LEED-CI: Making Green or Just Spending It?

LEED-CI: Making Green or Just Spending It?

September 14, 2011 Off By Chris

Productivity – It’s our buzz word these days. Everyone is doing more with less. Green thinking is popular, but does it fit into business reality? Read on to learn how you can make environmental decisions with your physical space that actually improve your company’s performance … your brand, your people and your facilities.

Established by the US Green Building Council, LEED for Commercial Interiors (LEED-CI) is the green benchmark for the tenant improvement market. It is the recognized system for certifying high-performance green interiors that are healthy, productive places to work, are less costly to operate and maintain and have a reduced environmental footprint. LEED for Commercial Interiors gives the power to make sustainable choices to tenants and designers, who do not always have control over whole building operations.

Striving to achieve the LEED-CI designation for your next space can have many benefits. Rod Vickroy and Rob Moylan, architects with SmithGroup, point to a 2009 Michigan State study entitled Life Cycle Cost Analysis of Occupant Well-being and Productivity in LEED Offices. The study concluded the following:

  • Groups moving to LEED office buildings missed less work
  • They put in almost 39 hours more per person annually
  • Total bottom-line benefits from gains related to fewer allergic reactions and reduced stress
  • The productivity boost ranged from $69,601 to more than $250,000 per year

In their article, The ROI of LEED-CI, Vickroy and Moylan determine six general areas where a company will see the highest return on investment (ROI) for implementing LEED-CI certification in its space.

        1. Corporate Brand Performance. Environmental stewardship is increasingly a core value of business branding. One way to make a statement to your customers and clients about the core values of your brand is to showcase them in your physical space. Environmentally friendly characteristics such as operable windows or sun-drenched workstations and sustainable materials tell your clients the real story of your brand values when they meet with you.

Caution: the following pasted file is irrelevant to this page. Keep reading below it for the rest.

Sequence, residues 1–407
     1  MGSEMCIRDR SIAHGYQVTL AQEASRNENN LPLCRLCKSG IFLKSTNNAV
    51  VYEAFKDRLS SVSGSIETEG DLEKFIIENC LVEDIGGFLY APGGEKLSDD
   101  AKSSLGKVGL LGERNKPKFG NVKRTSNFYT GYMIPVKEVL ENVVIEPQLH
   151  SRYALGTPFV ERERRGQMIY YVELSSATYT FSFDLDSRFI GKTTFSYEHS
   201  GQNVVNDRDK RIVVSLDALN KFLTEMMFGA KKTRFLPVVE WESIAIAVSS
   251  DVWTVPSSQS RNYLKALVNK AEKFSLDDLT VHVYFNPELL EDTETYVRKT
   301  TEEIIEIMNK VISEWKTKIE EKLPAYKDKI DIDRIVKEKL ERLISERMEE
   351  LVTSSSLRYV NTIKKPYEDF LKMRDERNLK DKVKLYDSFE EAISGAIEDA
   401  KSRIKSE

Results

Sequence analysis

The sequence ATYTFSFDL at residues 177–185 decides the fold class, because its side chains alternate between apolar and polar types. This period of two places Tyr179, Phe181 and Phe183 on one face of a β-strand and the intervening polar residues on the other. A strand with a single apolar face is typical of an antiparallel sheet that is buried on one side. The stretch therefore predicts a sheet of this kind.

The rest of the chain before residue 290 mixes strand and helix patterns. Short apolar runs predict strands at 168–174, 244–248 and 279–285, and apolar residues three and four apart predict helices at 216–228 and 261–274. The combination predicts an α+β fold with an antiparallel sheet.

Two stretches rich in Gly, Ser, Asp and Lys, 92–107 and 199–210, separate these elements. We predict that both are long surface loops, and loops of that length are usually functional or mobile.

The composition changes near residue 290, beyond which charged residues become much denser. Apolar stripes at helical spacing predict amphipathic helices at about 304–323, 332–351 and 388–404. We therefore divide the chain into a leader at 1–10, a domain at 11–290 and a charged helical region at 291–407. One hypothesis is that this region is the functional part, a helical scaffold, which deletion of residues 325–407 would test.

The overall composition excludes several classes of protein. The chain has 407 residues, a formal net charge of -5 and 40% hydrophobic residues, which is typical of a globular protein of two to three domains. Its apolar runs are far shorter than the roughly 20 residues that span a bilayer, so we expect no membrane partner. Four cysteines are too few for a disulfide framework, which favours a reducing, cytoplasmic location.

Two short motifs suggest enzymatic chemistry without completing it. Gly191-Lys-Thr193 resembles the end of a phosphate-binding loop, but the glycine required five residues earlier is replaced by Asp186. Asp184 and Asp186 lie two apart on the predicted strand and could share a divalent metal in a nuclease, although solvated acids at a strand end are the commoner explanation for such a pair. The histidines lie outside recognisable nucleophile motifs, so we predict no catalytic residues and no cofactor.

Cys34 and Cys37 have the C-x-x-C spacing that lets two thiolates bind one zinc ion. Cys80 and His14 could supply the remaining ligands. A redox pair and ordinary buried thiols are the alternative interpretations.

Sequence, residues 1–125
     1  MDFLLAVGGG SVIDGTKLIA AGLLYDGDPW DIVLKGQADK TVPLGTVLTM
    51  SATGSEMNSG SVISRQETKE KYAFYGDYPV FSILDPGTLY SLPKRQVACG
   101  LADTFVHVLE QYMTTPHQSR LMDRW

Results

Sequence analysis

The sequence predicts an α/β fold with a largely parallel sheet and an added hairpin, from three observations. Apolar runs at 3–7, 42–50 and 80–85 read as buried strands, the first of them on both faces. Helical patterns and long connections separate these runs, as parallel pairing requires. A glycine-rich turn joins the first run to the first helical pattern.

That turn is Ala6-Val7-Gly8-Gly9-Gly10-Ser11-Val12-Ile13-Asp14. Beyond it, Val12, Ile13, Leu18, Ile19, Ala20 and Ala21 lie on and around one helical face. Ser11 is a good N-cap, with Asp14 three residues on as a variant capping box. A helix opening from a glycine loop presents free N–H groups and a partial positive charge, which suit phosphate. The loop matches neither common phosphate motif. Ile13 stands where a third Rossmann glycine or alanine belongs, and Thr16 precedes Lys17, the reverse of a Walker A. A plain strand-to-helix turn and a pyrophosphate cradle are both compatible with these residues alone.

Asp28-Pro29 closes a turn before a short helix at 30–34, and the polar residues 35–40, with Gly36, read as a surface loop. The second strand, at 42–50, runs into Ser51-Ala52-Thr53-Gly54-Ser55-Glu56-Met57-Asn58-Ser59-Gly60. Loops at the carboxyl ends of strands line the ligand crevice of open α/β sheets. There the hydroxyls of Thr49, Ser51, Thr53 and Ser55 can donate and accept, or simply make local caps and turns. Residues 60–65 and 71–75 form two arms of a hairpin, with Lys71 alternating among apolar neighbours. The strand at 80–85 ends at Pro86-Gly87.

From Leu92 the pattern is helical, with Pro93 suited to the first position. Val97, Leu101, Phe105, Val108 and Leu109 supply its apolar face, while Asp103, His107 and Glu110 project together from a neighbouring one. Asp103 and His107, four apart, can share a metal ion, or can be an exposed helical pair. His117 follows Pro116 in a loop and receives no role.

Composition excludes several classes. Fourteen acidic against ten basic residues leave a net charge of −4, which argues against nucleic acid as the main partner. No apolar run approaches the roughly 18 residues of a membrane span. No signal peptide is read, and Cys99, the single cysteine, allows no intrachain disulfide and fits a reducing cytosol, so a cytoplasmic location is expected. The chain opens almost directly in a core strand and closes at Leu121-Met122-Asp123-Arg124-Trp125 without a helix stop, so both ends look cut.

2. Human Performance. Studies continue to show that people are happier in green spaces and subsequently perform at a higher level in their work. This translates into better production and even longer work hours by a more contented crew.
        3. Organizational Performance. Reconfiguration of the overall workplace often leads to anecdotal and measurable improvements in an organization. This may play out in increased interaction among employees, reduced e-mail volume and shorter product development cycles.
        4. Cultural Performance. Differentiating your company from its competitors by going green in your space can demonstrate a positive cultural shift to those doing business with you. These moves tie in with brand identity while supporting your company personality and cultural uniqueness.
        5. Energy Performance. A significant and highly tangible  performance gain for LEED-CI projects is reduced utility costs. Energy savings can be obtained from simple ideas such as passive solar daylighting. One such method utilizes materials which absorb heat in floors and walls near sun-facing windows lowering overall energy costs. Other possibilities for energy savings are found by using a T5 flourescent light system on occupancy sensors or daylight-regulated dimming as part of an energy-efficient design.
        6. Facility Performance. All of these elements together benefit overall facility performance through increased brand power, individual and collective work and operational cost savings. As a platform for serving business needs on a daily basis, the LEED-CI workplace is a stronger and more agile infrastructure.

At Cassidy Turley, we are integrating our core values into our workspaces as well. In 2008, we became the first and only commercial brokerage firm to achieve LEED-CI certification with our San Francisco office. This year we took a step further and constructed our San Jose office with LEED-CI certification at 300 Santana Row, a LEED Gold Rated Building, named “Project of the Decade” in 2010 by the Silicon Valley/San Jose Business Journal.


  • Tenant improvements using LEED-CI cost more. Not necessarily, say experienced facility professionals. If tenant improvement dollars are optimized to include LEED, there need not be any price difference.
  • There’s no evidence of a connection between LEED and company performance. End-user studies and industry research by groups like Carnegie-Mellon University and the Heschong-Mahone Group have shown evidence of direct improvements in productivity among workers resulting from improved lighting, view, ventiliation and air temperature conditions, which are central tenets of green building.
  • Green materials cost more. That may have been true in 2003. Today, with more options than ever, materials and products for LEED jobs need be now more expensive than any others. Still, a typical TI fit-out can incur a premium of 2 to4 percent in construction costs for LEED integration due to added planning and administrative time. This cost is typically recouped within three years – on a 10-year lease, that still leaves seven years of operational savings.
  • LEED adds to the project scope and schedule. Neither is correct – unless LEED-CI certification is treated as an afterthought. When a project team starts from day one with a LEED-CI strategy, experience shows it will not require more design and construction time.
*Please read The ROI of LEED-CI article for entirety of the information provided by Rod Vickroy and Rob Moylan on this topic.